My very rough plan showed a concrete cap on the dome, as this was all I could think of to keep out the monsoon rain, so our next task was putting up six concrete posts to carry the weight of the concrete cap. Then the base of sub soil and stones went in, pounded flat
by enthusiastic volunteers, a trellis of bamboo for strengthening, a sheet of plastic as a damp proof membrane to stop moisture leaching upward, some sand and a final topping of concrete.
Now I needed to seriously consider the dome. I could not for the life of me work out how to construct it. Unlike earthbags, which are load bearing and could support a concrete cap, I was working with lightweight, not at all solid, bags of rice husks. I spent ages in hardware stores, second-hand wood shops and looking through books. I asked various local builders, but one after the other they shook their heads, mystified with the ideas of the crazy foreign lady.
At one point I decided to forget the dome and just build a hexagonal roof using the steel for conventional roof frames. One of the volunteers said: ‘But Maggi, your dream is a dome. You must follow your dream.’ So I thought again.
I found reinforced steel rods, rebar, bendable and long. I could buy quite thick pieces and long enough to go from one side of a dome to the other. First a piece of rebar was bent into a circle to go around the building, sitting on the top of the concrete posts. Then up went the rebar making the dome shape and we wired it onto the posts and horizontal rebar. Using different thicknesses of rebar and adding bamboo we made a dome shaped trellis.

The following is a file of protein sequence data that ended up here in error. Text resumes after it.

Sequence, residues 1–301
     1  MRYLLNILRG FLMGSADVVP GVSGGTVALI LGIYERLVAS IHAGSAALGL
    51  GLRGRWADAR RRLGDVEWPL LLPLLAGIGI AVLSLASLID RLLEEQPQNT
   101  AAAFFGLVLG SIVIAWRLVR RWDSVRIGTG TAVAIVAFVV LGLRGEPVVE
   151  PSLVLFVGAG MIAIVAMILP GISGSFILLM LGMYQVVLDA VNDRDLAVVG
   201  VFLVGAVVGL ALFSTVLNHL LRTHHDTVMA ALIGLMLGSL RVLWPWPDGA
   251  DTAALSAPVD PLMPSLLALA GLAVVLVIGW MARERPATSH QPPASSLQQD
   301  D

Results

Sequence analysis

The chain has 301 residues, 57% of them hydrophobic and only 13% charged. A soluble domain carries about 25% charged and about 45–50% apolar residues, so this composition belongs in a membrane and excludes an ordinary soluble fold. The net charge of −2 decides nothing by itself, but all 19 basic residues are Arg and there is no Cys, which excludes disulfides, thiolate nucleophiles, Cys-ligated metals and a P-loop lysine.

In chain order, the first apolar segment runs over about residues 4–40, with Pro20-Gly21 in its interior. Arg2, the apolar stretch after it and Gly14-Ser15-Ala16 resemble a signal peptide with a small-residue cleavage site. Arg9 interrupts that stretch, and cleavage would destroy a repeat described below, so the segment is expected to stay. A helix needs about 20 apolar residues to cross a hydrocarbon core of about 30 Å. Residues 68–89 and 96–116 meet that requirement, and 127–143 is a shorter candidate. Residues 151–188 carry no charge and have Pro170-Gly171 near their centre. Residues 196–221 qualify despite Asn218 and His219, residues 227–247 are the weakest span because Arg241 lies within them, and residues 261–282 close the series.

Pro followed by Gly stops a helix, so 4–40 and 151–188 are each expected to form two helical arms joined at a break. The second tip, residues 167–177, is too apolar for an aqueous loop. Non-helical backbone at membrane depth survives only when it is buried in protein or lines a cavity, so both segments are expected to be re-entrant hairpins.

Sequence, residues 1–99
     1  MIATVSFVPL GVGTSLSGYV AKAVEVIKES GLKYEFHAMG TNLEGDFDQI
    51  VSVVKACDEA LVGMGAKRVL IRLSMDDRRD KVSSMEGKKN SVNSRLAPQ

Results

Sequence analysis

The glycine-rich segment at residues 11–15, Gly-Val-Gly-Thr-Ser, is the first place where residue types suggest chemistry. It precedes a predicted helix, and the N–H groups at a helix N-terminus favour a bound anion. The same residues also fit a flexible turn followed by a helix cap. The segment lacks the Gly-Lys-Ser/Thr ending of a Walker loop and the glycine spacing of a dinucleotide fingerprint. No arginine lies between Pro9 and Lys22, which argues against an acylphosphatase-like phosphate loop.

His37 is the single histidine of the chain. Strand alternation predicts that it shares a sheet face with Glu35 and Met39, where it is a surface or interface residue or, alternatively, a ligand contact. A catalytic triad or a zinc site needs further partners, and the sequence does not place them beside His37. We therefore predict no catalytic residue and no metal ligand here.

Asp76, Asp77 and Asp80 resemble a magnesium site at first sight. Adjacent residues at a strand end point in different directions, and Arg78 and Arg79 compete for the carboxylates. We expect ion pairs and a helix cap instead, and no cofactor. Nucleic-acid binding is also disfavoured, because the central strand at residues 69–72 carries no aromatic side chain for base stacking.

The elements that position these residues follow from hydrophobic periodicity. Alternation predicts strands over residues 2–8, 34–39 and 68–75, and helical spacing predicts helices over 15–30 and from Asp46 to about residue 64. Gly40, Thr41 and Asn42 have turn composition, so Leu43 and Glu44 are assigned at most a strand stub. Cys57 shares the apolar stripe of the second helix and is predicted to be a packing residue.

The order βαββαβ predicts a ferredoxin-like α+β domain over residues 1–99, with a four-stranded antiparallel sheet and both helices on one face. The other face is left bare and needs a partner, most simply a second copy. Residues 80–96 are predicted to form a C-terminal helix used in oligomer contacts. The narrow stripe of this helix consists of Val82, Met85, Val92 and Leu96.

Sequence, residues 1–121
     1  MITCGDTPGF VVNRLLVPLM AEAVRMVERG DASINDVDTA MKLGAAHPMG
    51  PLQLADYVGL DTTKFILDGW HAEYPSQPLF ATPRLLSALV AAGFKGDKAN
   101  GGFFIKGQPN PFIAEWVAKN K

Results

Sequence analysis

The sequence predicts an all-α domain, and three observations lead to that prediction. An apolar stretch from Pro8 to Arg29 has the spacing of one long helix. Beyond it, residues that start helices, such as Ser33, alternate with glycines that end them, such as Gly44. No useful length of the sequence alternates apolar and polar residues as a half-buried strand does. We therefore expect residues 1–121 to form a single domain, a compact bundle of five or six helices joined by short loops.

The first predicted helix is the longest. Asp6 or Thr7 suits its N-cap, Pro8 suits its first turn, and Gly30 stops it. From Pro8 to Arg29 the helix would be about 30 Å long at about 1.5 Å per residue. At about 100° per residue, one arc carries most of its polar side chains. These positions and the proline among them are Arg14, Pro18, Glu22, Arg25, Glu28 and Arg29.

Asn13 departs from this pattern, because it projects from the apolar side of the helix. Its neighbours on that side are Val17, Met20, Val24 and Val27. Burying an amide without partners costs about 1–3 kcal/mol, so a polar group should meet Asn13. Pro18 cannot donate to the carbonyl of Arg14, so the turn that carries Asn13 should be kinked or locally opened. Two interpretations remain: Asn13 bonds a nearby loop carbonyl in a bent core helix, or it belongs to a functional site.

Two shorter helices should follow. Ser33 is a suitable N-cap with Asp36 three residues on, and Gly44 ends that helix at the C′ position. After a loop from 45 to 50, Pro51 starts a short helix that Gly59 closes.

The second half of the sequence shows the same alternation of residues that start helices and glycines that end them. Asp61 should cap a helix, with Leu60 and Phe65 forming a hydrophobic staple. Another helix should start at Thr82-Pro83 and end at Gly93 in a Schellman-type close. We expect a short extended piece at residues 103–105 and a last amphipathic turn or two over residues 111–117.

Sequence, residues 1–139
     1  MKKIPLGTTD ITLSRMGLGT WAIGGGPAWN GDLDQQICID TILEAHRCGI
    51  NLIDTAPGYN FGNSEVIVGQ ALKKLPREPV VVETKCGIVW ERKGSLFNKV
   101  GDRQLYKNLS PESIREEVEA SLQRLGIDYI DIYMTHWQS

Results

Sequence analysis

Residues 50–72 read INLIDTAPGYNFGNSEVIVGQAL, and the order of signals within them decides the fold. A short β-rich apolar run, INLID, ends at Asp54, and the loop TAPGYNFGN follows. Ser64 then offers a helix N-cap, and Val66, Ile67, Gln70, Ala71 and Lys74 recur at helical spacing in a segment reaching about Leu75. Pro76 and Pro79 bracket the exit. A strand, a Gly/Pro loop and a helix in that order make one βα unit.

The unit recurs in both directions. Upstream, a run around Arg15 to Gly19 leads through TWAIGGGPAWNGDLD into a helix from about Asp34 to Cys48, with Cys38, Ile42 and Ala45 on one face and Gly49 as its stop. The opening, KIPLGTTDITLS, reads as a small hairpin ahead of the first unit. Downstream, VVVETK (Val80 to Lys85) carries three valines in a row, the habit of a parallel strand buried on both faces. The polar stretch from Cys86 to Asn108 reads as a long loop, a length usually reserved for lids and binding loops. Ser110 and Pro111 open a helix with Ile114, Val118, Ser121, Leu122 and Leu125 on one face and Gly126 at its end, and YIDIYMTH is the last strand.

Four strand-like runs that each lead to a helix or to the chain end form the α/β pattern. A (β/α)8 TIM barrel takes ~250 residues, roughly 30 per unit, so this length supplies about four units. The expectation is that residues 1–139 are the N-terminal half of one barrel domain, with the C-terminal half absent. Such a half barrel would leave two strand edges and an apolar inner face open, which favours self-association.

The bamboo for the trellis in the dome came from bamboo poles we harvested from the land. These we cut and prepared and wove as needed. We used the same trellis idea for the walls, and our bags of rice husks would be attached to this frame. The whole thing looked like a giant bird cage!
The windows and doors were added as we built the bamboo trellis. This was complicated as the walls were going to be quite thick, so windows and doors needed frames to sit in. We learned as we went along. At no point in the building did we use any electrical tools – there was no electricity!
Rice husk walls
Filling in the walls came next. I found a place that sold second-hand polypropylene bags and had bought several hundred. Then I found a rice mill that agreed to fill the bags for me with their waste husks, 200 a week. These we had been collecting in preparation.
The first layer of bags was filled with gravel to guard against water and moisture damaging the walls, with a layer of sand on top of that, then the bags filled with rice husks. We experimented with different types of string, and different knots and found the method that worked best. They went up quickly and easily in a couple of days, and soon we were at the level where the curve of the dome began.
The bags were too big. They would be too unwieldy and heavy to attach. We had to empty them, refill them with less rice husks, then tie them up in the shape of a sausage. Our sausages were quite complicated to put up as we were attaching them to the inside of the dome to continue the inside line of the walls.